The following Bills fall under the responsibility of the Attorney-General and are currently open for consultation, before Parliament or have recently passed Parliament.
Access current Bills related to protecting children and young people which are currently before Parliament or have recently passed Parliament.
The Summary Offences (Disrespectful Conduct in Court) Amendment Bill aims to address disruptive or offensive behaviour in court.
The offence would apply to a party to the proceeding, and would include behaviour such as refusing to stand for a judge, using offensive or threatening language. It aims to resolve the issue of this behaviour undermining the authority of the court and causing interruption to the proceedings.
It will not apply to involuntary behaviour, such as movement or vocalising due to a medical condition or disability.
The Bill does not seek to change the current offence of contempt of court or powers to remove someone from the court, but to add an offence where there is currently a gap.
The Bill proposes that the offence would not apply to youths or to any proceedings in the Criminal jurisdiction of the Youth Court.
The proposed offence would have a maximum penalty of $1250 or three months imprisonment.
This Bill has passed Parliament.
New laws passed Parliament in 2016 to allow the state government to strip ‘prescribed’ drug offenders of all their property, regardless of whether or not it is connected to a particular criminal offence or is a proceed of crime. A prescribed drug offender is someone who has three drug convictions over a 10 year period for a range of nominated offences, such as trafficking or manufacturing drugs.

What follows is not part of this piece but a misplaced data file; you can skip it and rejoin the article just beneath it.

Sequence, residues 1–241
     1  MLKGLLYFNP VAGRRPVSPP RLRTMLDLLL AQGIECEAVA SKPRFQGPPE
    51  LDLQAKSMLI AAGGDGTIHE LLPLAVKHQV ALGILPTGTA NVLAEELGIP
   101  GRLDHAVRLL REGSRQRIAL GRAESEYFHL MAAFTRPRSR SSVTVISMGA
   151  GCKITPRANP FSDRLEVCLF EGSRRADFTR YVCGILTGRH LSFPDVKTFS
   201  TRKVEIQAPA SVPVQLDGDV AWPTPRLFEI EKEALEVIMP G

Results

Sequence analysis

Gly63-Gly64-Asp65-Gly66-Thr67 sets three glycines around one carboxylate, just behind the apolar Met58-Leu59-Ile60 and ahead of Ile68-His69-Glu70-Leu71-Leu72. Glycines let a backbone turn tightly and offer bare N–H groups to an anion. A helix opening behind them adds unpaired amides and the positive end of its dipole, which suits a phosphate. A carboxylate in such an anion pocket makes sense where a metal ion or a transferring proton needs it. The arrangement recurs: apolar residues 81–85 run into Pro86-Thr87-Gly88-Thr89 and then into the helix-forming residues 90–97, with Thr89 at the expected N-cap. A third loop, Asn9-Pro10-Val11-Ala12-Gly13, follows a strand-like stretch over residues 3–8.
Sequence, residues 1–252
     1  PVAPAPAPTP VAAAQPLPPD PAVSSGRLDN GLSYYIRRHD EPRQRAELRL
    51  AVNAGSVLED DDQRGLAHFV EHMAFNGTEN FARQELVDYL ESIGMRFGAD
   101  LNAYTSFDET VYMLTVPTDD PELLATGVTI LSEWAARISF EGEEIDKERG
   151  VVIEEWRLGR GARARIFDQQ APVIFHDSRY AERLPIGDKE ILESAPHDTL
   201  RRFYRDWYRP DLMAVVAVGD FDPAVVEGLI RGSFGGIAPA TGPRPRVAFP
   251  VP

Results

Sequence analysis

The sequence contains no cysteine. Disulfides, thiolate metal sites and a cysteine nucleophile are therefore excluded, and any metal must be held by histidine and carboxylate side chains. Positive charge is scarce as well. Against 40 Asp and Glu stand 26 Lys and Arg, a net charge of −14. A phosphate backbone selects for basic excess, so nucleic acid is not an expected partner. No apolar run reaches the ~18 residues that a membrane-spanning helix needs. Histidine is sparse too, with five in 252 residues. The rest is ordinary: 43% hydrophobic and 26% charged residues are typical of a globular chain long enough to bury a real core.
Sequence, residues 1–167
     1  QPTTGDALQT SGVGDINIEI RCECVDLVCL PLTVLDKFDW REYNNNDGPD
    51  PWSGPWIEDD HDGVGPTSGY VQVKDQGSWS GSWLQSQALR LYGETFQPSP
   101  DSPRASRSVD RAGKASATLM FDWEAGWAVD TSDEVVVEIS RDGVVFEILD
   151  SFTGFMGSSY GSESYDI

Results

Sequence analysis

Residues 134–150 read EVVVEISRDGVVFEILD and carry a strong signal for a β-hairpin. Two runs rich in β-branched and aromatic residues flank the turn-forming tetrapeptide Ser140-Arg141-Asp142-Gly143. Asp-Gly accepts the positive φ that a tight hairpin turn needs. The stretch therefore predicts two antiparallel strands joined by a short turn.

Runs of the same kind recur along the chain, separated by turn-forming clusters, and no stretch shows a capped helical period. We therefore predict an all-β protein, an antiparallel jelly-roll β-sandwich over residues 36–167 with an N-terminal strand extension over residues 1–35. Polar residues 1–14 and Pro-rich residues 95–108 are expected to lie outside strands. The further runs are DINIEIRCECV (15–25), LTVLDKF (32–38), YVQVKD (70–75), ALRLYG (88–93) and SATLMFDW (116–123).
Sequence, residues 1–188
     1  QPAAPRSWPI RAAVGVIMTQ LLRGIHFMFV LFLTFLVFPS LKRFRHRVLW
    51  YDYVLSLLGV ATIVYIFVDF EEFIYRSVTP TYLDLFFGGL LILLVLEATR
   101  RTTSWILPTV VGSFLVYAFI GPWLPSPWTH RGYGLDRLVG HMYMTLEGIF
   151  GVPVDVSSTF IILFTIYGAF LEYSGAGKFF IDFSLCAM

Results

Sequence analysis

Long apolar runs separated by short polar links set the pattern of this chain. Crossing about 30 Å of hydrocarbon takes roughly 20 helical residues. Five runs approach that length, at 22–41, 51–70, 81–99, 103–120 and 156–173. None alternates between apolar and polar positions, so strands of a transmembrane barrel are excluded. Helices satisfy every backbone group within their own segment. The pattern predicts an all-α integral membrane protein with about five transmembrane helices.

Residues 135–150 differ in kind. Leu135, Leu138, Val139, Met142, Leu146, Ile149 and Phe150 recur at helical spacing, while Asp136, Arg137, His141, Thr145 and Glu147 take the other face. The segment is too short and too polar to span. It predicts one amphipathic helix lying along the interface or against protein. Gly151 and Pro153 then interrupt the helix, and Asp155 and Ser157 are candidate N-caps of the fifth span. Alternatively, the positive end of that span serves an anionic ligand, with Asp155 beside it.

The Criminal Assets Confiscation (Miscellaneous) Amendment Bill 2018 seeks to modify these laws so that property can be excluded from the automatic forfeiture if it is not financially viable. For example, if the cost of collecting and selling an item would be higher than the value of the goods, or if it would be uneconomical to seize the property, the Crown can apply for it to be excluded. This decision would be made by the Director of Public Prosecution.
Other items are also excluded by Regulation, including property such as personal items, children’s necessities and certain household items.
The Bill amends provisions introduced by the Criminal Assets Confiscation (Prescribed Drug Offenders) Amendment Act 2016, which will apply from 10 August 2018.
This Bill amends the Judicial Conduct Commissioner Act 2015 to enhance the Commissioner’s effectiveness, and to enable him to deploy resources in the most efficient manner.
Under the changes, the Commissioner would be able to investigate matters when new evidence comes to light, enlivening a complaint that would otherwise have to have been dismissed.
In addition, the Commissioner would be able to dismiss complaints without a formal preliminary examination– ensuring resources can be directed to those complaints that require formal consideration and investigation.
These changes also give the Commissioner broader discretion when disclosing the identity of a complainant, to give people greater confidence that their complaint will be dealt with sensitively and appropriately.